The last of the Whippet 96 models were produced in 1928 with final production ending in December of that year.

1929 Plymouth ‘U’ Model

oz-20001929 Plymouth Model “U”  – emtry number 3 Ken Hicks – Navigator Maureen hicks

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Just a few specifications

Motor: 4 cylinder , side valve                                 175.4 cu inch,

21.3 hp,                                                                         Bore: 3 5/8″

Stroke 4 1/4″                                                                Transmission: 3 speed manual

Fuel supply: vacuum tank off oil pump                 Carburetor Updraft Type

 

 

1927 Reo Flying Cloud

oz-2000Entrant number 22  Daryl and Dee Blights   1927 Reo Flying Cloud

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The car was not complete so the next ten years were devoted to finding the necessary parts. . . Any Parts.  In 1980 the Blights traveled to Cessnock in search of addition parts and in 1985 the body was sent to Bundaberg for restoration.  In 1986, with the hunt for parts still continuing another REO was purchased. And 1990 saw the mechanical restoration begin in earnest.  Finally In 1994 the car was driven from the Blight shed with only fiddly bits to be completed.  The Car has a 6  cylinder engine which produces 65 H.P. at 2800 revs.  Wheelbase is 121 inches Fitted with hydraulic brakes.

 

1927 REO FLYING CLOUD   Brief history

Ransom Olds, son of the owner of one of the turn of the 19th century’s largest manufacturers of gasoline engines, organized the Olds Motor Vehicle Company in Detroit in 1897. Olds sold out to a Michigan lumber magnate and organized the Reo Car Company in 1904.

Prior to selling the Olds Motor Vehicle Company, Ransom held a raffle among his employees to suggest a catchy name for the company’s vehicles. The name “Oldsmobile” was suggested by the company’s timekeeper and it was accepted. When Ransom sold the company, however, he gave up the right to use the name. General Motors bought Olds Motor Vehicle in 1908 and manufactured the Oldsmobile for almost a century.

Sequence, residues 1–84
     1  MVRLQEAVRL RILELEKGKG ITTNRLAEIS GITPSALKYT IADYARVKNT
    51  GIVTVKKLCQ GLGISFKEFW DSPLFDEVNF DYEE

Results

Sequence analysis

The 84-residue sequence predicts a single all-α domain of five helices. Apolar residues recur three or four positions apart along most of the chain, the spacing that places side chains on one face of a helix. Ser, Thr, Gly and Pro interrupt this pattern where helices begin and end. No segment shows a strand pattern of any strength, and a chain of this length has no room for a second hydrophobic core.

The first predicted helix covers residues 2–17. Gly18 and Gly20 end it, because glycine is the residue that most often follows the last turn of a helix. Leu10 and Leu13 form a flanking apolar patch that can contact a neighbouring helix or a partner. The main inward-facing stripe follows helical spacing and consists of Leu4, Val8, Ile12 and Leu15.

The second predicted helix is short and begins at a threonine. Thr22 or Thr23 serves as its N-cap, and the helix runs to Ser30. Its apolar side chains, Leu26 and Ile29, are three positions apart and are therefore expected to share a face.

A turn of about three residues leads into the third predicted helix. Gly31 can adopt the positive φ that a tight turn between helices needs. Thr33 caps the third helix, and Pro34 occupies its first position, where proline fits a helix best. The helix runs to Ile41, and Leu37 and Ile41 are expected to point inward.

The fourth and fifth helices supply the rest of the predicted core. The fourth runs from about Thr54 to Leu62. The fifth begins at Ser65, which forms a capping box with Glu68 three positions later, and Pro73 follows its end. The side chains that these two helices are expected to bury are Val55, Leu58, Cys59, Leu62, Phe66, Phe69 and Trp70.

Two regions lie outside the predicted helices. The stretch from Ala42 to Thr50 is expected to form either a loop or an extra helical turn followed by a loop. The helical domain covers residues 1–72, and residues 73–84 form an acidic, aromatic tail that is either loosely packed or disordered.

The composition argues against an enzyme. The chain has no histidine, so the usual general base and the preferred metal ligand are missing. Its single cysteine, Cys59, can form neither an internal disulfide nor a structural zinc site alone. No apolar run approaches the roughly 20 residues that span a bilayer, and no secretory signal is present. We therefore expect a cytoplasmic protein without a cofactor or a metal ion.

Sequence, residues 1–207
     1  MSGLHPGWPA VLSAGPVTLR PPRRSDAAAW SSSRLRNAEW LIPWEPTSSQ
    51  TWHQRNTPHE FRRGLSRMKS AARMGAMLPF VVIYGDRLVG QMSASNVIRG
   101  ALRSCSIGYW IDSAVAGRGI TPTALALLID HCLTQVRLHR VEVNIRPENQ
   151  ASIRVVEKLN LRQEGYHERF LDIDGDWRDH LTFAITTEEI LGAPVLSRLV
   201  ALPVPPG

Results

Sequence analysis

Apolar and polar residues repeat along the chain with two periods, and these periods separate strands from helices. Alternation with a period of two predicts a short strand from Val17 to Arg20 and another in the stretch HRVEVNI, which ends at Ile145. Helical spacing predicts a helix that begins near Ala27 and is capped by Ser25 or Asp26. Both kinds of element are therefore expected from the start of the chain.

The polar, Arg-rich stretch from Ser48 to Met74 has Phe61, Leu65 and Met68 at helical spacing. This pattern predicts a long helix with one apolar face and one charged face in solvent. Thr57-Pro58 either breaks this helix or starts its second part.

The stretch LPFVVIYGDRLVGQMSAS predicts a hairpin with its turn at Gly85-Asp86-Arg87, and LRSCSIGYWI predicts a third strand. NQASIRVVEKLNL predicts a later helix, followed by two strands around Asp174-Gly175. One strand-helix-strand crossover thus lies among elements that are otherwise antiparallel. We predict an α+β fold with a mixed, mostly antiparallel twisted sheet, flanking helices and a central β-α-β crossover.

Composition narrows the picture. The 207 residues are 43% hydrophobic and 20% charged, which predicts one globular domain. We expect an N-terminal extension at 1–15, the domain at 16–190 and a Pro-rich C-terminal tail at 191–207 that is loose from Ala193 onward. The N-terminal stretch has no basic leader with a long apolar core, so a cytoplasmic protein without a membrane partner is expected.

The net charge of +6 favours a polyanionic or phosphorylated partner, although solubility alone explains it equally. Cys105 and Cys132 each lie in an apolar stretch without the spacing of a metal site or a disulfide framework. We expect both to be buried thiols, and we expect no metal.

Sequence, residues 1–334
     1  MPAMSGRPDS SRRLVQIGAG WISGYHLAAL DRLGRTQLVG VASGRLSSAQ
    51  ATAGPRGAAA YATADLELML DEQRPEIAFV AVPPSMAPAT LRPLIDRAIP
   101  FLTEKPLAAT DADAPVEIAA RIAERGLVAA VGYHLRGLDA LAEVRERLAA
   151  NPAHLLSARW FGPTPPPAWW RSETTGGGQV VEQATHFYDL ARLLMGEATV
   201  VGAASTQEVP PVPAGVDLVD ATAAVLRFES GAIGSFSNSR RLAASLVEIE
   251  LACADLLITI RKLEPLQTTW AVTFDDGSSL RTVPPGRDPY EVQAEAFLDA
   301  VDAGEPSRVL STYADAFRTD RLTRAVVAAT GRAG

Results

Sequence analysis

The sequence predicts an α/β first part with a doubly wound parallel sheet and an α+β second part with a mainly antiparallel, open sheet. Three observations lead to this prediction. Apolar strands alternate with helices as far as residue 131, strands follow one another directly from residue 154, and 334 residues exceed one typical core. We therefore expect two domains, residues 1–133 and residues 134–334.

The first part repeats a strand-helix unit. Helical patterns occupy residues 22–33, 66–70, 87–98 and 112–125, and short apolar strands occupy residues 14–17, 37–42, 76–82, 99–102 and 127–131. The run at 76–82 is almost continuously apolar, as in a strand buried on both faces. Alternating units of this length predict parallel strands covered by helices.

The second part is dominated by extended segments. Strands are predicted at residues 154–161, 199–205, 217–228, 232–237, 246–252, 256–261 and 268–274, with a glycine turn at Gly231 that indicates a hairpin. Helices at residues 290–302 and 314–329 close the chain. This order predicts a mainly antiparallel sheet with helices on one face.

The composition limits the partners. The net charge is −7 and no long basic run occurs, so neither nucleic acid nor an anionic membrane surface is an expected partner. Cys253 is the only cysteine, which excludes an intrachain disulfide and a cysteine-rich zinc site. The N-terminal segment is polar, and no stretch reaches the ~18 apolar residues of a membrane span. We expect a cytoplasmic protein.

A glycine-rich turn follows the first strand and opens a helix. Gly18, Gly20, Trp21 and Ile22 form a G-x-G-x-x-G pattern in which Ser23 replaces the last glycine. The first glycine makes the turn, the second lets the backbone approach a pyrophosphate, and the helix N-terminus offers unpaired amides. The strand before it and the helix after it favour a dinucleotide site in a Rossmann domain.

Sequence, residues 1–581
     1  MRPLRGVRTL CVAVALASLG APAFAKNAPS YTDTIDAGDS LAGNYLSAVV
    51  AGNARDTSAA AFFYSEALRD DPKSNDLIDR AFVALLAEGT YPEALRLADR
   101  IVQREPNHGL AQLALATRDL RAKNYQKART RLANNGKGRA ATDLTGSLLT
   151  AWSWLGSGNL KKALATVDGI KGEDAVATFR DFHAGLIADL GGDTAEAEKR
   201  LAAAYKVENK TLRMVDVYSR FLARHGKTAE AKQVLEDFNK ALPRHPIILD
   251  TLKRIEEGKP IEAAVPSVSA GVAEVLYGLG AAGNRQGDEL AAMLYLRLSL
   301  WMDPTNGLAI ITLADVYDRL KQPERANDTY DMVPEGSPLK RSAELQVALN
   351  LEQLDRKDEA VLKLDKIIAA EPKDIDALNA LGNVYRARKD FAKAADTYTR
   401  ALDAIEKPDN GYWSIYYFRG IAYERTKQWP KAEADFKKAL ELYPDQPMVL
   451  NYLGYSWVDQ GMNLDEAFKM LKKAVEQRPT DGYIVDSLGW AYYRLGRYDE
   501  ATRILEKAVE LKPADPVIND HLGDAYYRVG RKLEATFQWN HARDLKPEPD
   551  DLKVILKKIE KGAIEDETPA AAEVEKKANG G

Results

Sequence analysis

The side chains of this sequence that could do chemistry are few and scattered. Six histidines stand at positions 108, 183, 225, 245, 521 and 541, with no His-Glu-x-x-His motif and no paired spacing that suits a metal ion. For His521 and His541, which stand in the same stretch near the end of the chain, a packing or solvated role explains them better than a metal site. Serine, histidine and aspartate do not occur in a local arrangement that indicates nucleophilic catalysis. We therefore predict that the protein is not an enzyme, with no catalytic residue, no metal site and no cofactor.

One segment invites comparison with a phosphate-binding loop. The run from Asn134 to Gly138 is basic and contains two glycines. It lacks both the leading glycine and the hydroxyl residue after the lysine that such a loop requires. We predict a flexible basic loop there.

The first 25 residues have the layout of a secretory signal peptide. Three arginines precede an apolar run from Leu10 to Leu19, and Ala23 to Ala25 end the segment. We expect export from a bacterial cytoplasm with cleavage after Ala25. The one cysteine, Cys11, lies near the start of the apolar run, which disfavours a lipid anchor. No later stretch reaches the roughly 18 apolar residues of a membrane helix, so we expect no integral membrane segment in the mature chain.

Starting with a one-cylinder model, the little Reo added a second cylinder. Soon afterward and by 1907, the company’s sales were exceeded only by Ford and Buick. Emphasizing quality over production, the Reo earned a deserved reputation as a reliable and top-performing vehicle.

The Reo Flying Cloud made its introduction in 1927. The sleekly-styled automobile was powered by an L-head 4.1 litre (249 cu. in.) sixty-five horsepower engine and a hydraulic brake system, one of the first of its kind. Reo produced cars until 1936 when due to serious financial problems, the company totally abandoned automobile manufacturing.

Ransom Olds’ contributions to the automobile industry cannot be overestimated. As the designer and manufacturer of expertly engineered and competitively priced cars for the mass market, his innovations in manufacturing strongly contributed to the growth of the industry in the United States.

In 1978, the Reo Motor Car Company plant located in Lansing, Michigan was designated a national historic landmark. Unfortunately, due to site redevelopment pressures, the landmark designation was withdrawn and the plant was demolished in 1980.

 

 

 

1928 OAKLAND

oz-20001928 OAKLAND   Entrant number 52 Driver Geoff Harrington Navigator Barbara Harrington

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Jeoff Bought this All American Six in late 1978 (see photo left)  a nd was promptly told by a few of his friends to “take it to the dump”.

It took two years to restore .Jeoff did the body, including the paint work himself, the upholstery was done elsewhere.   Photo above